Stories from Testing Voice First Devices, Such as Alexa - Kim Knup
“Alexa, how do I test a voice skill?”
“Sorry, I don’t know that one”
If Alexa doesn’t know, how are you supposed to know?!
The Alexa companion app, which is required to set up Amazon's Echo devices was the top app for Android and iPhone on Christmas day. This is a strong indicator that these voice first devices were the top gift in 2017 and sales aren’t slowing down.
Amazon doesn’t disclose official device sales, but said in a press release that “Amazon Devices also had its best holiday yet, with tens of millions of Alexa-enabled devices sold worldwide.”
This means the voice skill customer base is growing, and more and more companies are looking into breaking into the voice market to engage with their customer.
Having had the opportunity to work at an agency that prides itself on being pioneers of new tech, I have definitely seen this trend with us developing several Alexa skills at the same time in early 2018.
This talk will tell the tale of how a mobile development team, used to working on mobile apps, had to change their design and product thinking, especially when it came to testing the new voice products.
We’re no longer developing throw away proof of concepts. Customers want working and engaging voice skills with real life applications, for their users.
So how do you go from testing a mobile application to testing a voice skill? It can feel really daunting to not be using a keyboard, but instead be shouting through a room testing something.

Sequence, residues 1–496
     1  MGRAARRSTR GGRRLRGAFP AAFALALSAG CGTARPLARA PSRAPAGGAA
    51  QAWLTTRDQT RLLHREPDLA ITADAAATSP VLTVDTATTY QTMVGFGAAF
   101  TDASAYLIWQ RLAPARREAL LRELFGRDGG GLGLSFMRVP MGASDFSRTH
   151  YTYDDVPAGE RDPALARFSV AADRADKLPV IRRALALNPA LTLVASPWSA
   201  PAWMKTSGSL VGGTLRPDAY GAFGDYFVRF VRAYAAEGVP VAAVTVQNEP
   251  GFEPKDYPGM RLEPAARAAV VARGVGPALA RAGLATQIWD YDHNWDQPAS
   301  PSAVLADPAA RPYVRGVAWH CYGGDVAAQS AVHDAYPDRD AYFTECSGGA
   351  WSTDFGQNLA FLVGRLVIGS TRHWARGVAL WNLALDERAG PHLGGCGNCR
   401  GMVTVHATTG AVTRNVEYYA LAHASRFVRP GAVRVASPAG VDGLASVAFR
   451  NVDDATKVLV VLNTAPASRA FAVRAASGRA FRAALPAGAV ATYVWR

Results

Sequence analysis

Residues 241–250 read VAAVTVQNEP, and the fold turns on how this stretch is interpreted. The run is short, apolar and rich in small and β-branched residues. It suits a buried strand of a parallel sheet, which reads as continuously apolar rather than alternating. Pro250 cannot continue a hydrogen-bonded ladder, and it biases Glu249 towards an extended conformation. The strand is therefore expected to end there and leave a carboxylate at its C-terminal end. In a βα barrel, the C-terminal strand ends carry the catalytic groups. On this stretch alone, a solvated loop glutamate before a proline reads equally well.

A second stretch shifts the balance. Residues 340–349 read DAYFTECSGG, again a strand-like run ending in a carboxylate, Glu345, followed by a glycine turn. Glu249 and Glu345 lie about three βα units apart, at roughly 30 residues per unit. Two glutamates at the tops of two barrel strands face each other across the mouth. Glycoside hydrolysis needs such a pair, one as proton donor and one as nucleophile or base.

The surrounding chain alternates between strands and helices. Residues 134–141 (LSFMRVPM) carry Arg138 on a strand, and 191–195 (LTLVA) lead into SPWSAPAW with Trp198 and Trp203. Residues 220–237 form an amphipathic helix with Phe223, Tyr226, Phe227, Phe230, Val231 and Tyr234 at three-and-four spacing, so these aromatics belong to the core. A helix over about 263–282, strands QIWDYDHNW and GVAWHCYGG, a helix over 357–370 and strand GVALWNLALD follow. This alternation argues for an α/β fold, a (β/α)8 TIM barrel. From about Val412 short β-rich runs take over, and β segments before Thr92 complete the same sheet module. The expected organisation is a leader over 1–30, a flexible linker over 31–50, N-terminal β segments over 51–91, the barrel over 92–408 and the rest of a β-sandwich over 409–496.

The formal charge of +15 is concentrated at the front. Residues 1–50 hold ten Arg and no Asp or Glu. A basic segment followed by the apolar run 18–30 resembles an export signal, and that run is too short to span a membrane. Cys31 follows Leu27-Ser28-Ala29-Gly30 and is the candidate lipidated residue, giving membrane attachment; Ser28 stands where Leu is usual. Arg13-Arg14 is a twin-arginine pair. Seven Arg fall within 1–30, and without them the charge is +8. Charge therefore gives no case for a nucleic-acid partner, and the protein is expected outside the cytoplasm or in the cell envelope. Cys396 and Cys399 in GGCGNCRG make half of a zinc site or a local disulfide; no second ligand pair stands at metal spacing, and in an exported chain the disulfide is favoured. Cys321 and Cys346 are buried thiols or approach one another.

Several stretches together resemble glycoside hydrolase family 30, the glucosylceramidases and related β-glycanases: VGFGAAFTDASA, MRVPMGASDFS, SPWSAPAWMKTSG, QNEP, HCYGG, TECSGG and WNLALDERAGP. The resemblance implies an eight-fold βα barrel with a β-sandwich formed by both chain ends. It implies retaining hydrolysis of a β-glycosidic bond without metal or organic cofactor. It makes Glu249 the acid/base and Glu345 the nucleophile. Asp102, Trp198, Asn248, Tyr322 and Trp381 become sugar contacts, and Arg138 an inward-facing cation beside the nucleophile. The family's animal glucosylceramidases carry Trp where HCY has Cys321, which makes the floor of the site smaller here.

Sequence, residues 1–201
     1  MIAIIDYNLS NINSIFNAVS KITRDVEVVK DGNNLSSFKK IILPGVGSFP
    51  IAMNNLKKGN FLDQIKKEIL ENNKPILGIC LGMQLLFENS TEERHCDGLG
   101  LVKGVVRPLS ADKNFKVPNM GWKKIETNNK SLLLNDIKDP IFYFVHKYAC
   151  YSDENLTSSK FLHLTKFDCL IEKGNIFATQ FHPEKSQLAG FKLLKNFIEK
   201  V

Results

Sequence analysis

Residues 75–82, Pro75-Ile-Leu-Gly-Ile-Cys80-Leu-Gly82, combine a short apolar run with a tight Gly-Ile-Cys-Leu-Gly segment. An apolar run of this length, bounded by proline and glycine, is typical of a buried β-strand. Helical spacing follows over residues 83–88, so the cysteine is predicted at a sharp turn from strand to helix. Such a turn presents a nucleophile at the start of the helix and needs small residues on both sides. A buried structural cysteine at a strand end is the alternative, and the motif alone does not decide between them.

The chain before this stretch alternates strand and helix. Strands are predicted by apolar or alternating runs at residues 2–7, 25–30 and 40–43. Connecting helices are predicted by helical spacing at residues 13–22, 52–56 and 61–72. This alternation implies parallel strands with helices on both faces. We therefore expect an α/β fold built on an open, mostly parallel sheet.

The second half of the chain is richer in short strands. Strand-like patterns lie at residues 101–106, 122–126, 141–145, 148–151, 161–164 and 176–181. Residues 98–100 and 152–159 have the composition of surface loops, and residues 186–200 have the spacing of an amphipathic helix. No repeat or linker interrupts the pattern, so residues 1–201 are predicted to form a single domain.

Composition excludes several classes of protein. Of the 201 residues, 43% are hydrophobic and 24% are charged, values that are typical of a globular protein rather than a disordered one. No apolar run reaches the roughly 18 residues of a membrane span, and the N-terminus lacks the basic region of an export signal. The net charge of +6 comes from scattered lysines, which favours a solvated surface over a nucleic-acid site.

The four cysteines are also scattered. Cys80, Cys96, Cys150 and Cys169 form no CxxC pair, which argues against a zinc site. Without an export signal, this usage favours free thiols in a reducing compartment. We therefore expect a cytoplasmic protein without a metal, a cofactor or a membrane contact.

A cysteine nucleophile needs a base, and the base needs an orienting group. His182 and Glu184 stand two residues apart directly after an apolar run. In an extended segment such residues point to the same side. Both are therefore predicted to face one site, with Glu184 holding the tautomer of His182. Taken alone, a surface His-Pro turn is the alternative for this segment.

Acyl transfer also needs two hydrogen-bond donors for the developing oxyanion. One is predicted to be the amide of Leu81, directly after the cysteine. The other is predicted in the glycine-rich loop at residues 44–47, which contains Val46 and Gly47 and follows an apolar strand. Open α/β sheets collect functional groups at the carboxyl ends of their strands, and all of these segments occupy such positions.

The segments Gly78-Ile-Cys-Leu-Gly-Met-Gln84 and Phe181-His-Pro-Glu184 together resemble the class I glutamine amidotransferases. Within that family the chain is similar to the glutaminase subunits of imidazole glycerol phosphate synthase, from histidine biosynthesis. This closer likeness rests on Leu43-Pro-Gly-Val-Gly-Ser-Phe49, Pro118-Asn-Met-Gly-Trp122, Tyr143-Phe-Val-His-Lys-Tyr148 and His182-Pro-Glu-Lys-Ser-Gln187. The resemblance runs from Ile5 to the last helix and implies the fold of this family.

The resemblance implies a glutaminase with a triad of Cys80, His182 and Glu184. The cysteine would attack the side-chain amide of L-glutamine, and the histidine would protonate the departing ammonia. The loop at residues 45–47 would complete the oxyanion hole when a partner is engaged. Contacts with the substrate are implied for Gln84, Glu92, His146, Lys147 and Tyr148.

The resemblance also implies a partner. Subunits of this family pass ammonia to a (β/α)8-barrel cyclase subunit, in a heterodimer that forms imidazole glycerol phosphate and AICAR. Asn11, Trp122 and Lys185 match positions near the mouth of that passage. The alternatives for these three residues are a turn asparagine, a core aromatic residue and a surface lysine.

What are the things to consider? Do you need to be able to do accents? (Note - having a diverse team helps massively already.)
But your mobile testing experience is not lost. Understanding voice design and the platform that will be used (Alexa vs google assistant) is the first step.
Testing can then be split into several, hopefully familiar, stages:
- Test the design, question workflows
- Manual testing using a variety of tools - voice device simulators
- Unit testing the code
- End to end testing using the device - do the user flows work, what happens when they don’t?
- Continuous testing - mostly using monitoring tools - What are your users actually saying?
This session provides an overview of my experience testing voice apps, specifically focused on Alexa, and what tools are available to you. How testing a voice skill may and may not differ from more conventional testing and by knowing how the pieces fit together you can really help inform your testing approach. Also sometimes all you need is a whiteboard and another person to get started.
- The Alexa platform basics: These are the concepts, definitions, and underlying architecture you need to know before testing Alexa voice apps.
- Ideas for different test phases for an Alexa skill: Some of the most useful testing we did was before a line of code was written.
- Overview of test tools we used - from pens and notepads to the Alexa developer portal to simulators.
What you’ll learn
<p>Kim is Senior Digital Tester at Legal and General, co-organisers of the Brighton tester meet-up; #TestActually and event host for the Brighton Software Testing Clinic. She is passionate about usability and likes to do what the user (apparently) would never do.</p> <p>Over the years she’s worked in linguistic games testing, and worked with big data archiving and asset management tools as well as recruiting and leading a small team of testers. Her main interests are usability testing and using automation tools to aid exploratory testing.</p>